throw new JSONParserError(validate.errors!.map(({ keyword, message }) => ({ errorCode: keyword, message })));
};

In case the code is not self-explanatory, here we defined a function that short-circuits when the payload is null and will try to parse data as a JSON string, before validating against the schema. In case of failure, a JSONParserError exception is thrown.

The JSONParseError is basically wrapping an array of the type { errorCode: string, message?: string}. I could have extended the JSONParseError and created custom exceptions for null_json and malformed_json, but I preferred to return only one error for the sake of simplicity. Let's see how can we use this function:

describe('test different json parsing options', () => {
  // ... setup

  test('parse valid json with imperativeParseJSON', () => {
    const validData = {
      field1: 'foo',
      field2: 'bar',
    }
    const resultObj = imperativeParseJSON(validData, compiledSchema);
    expect(resultObj).toEqual(validData);
    const resultString = imperativeParseJSON(JSON.stringify(validData), compiledSchema);
    expect(resultString).toEqual(validData);
  });

  test('parse invalid json with imperativeParseJSON', () => {
    const invalidData = {
      field2: 1,
      field3: 'bar',
    };

    expect.assertions(3);
    try {
      imperativeParseJSON(invalidData, compiledSchema);
    } catch (e) {
      const errors = e.errors;
      expect(errors.length > 0).toBeTruthy();
      expect(errors).toContainObject({
        errorCode: 'required',
      });
      expect(errors).toContainObject({
        errorCode: 'type',
      });
    }
  });
}

From the lambda handler perspective, a try/catch is required to handle the exception in case of an invalid JSON:

const lambdaHandler: APIGatewayHandler = async event => {
  try {
    const parsed = imperativeParseJSON(event.body)
    // ... do something with the parsed payload
  } catch (e) {
    if (e instanceof JSONParseError) {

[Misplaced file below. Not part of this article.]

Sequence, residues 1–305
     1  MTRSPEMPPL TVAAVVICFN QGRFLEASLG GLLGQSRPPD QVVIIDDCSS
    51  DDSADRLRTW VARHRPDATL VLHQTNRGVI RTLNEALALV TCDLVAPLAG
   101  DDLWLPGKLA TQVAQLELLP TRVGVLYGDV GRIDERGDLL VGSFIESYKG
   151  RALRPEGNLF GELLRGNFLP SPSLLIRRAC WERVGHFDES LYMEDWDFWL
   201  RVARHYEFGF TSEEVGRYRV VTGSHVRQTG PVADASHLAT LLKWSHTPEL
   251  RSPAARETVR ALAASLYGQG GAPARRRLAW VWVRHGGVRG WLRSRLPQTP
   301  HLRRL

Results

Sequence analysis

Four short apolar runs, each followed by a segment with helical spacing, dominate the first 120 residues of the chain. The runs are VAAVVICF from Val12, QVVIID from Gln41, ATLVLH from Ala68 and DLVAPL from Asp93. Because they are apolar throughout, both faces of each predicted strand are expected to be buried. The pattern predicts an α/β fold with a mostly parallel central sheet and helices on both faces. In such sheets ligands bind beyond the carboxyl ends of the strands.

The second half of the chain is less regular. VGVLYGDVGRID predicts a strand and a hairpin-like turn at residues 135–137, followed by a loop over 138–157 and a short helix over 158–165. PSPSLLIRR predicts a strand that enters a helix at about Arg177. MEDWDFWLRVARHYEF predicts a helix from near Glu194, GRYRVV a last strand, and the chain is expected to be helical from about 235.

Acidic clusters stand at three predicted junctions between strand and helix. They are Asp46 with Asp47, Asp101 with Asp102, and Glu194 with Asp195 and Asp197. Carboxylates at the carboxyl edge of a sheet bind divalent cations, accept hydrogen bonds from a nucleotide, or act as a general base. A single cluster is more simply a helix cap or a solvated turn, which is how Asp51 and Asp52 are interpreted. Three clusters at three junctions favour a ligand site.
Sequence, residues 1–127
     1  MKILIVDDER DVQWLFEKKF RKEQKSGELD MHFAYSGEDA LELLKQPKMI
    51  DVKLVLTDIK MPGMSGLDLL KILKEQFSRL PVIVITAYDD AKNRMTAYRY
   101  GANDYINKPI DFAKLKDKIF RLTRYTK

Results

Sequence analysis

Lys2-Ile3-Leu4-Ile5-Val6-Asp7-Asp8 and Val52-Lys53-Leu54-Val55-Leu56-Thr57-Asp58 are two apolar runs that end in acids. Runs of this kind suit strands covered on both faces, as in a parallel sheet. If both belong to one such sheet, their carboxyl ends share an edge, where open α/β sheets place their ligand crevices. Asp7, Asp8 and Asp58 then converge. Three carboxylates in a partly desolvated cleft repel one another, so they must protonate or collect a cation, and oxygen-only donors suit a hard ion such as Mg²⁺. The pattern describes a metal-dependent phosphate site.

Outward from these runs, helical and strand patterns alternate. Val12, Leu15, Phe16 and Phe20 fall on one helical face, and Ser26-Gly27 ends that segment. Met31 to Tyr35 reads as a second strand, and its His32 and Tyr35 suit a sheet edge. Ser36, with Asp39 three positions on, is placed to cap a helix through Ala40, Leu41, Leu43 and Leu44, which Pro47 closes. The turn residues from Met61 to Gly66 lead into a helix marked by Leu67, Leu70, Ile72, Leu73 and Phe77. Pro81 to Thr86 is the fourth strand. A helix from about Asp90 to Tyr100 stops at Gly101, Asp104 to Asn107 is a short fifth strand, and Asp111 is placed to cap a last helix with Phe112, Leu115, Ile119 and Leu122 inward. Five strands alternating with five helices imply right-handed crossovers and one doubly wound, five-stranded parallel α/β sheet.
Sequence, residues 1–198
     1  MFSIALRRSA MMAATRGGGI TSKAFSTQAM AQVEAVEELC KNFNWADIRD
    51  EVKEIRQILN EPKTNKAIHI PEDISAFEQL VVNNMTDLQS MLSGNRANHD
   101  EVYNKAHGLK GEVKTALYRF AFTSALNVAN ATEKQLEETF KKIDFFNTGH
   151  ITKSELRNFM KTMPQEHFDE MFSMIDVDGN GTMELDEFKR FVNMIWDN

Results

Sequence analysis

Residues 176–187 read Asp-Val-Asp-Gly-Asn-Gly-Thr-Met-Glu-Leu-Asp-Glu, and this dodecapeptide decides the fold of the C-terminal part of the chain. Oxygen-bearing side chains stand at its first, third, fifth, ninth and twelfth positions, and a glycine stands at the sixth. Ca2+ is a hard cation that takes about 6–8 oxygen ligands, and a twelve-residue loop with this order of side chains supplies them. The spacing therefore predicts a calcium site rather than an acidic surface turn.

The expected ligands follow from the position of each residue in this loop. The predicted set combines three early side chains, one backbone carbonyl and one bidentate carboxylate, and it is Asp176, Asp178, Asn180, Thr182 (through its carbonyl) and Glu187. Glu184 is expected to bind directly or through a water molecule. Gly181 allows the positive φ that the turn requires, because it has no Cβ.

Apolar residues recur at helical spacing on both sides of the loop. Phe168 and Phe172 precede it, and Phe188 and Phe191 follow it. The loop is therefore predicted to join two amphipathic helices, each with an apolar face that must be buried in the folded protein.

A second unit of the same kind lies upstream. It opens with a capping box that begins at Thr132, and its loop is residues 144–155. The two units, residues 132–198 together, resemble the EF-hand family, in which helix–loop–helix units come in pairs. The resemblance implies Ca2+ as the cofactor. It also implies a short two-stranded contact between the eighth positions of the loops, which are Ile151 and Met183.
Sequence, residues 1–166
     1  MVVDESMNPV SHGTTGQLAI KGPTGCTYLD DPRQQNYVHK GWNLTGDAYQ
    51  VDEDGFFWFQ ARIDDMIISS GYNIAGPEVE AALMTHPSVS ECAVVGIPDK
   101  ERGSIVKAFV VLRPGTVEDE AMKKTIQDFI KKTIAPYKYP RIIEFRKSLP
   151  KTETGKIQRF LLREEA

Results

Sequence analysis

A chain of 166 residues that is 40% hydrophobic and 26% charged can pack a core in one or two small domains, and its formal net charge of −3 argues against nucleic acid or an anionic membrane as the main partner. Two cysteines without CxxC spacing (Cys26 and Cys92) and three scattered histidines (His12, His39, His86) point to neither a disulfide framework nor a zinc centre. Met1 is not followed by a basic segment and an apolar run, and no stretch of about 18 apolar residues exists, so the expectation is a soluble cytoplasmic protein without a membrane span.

return {
        statusCode: 400,
        body: JSON.stringify({ errors: e.errors })
      }
    }
    // catch any other expected exception that could be thrown within the code of the lambda function
  }
}

This is just control-flow based on exceptions. This example is straightforward, but in reality, the more complex a lambda function becomes, the harder is to follow where a specific error came from. Even when this function is certainly not doing shotgun parsing — the payload won't be processed if it doesn't comply with the schema — the respective error response could get intertwined with the lambda's processing code.

Because I particularly dislike this style, I decided to try a functional approach using an Either Type (Result Type).

Once again, there are a few options, but fp-ts is probably the most complete functional programming library for Typescript. Let's see how can we redefine the parsing function:

import * as E from 'fp-ts/lib/Either';

// created an interface for the error type
interface JSONError {
  errorCode: string;
  message?: string;
}

const semiFunctionalParseJSON = <T = object>(
  data: object | string | null,
  validate: Ajv.ValidateFunction,
): E.Either<JSONError[], T> => {
  if (!data) {
    E.left([NULL_JSON]);
  }

  try {
    const parsed = typeof data === 'string' ? JSON.parse(data) : data;
    if (!validate(parsed)) {
      return E.left(validate.errors!.map(({ keyword, message }) => ({ errorCode: keyword, message })));
    }
    return E.right(parsed as T);
  } catch (e) {
    return E.left([MALFORMED_JSON]);
  }
};

This new function doesn't throw exceptions but returns an Either type from fp-ts. In case of error (left), we'll return an array of JSONError, or otherwise the parsed JSON (right). From the caller perspective, this code can be now used as follows:

describe('test different json parsing options', () => {
 // ...

test('parse valid json with semiFunctionalParseJSON', () => {
  const validData = {
    field1: 'foo',
    field2: 'bar',
  };
  const resultObject = semiFunctionalParseJSON(validData, compiledSchema);
  expect(whenRight(resultObject)).toEqual(validData);
  const resultString = semiFunctionalParseJSON(JSON.stringify(validData), compiledSchema);
  expect(whenRight(resultString)).toEqual(validData);
})



// lambda function
import { isLeft } from 'fp-ts/lib/Either';

const lambdaHandler: APIGatewayHandler = async event => {
  const parsed = semiFunctionalParseJSON<MyExpectedType>(event.body)
  if (isLeft(parsed)) {
  return {
    statusCode: 400,
    body: JSON.stringify({ errors: parsed.left })
  }
}

  // processing payload with parsed.right (MyExpectedType)
  // ...
}

In my opinion, this is simpler. Somebody reading this code just need to read the first two lines to see what happens when the payload doesn't match. No try/catch, and no control-flow based on exceptions.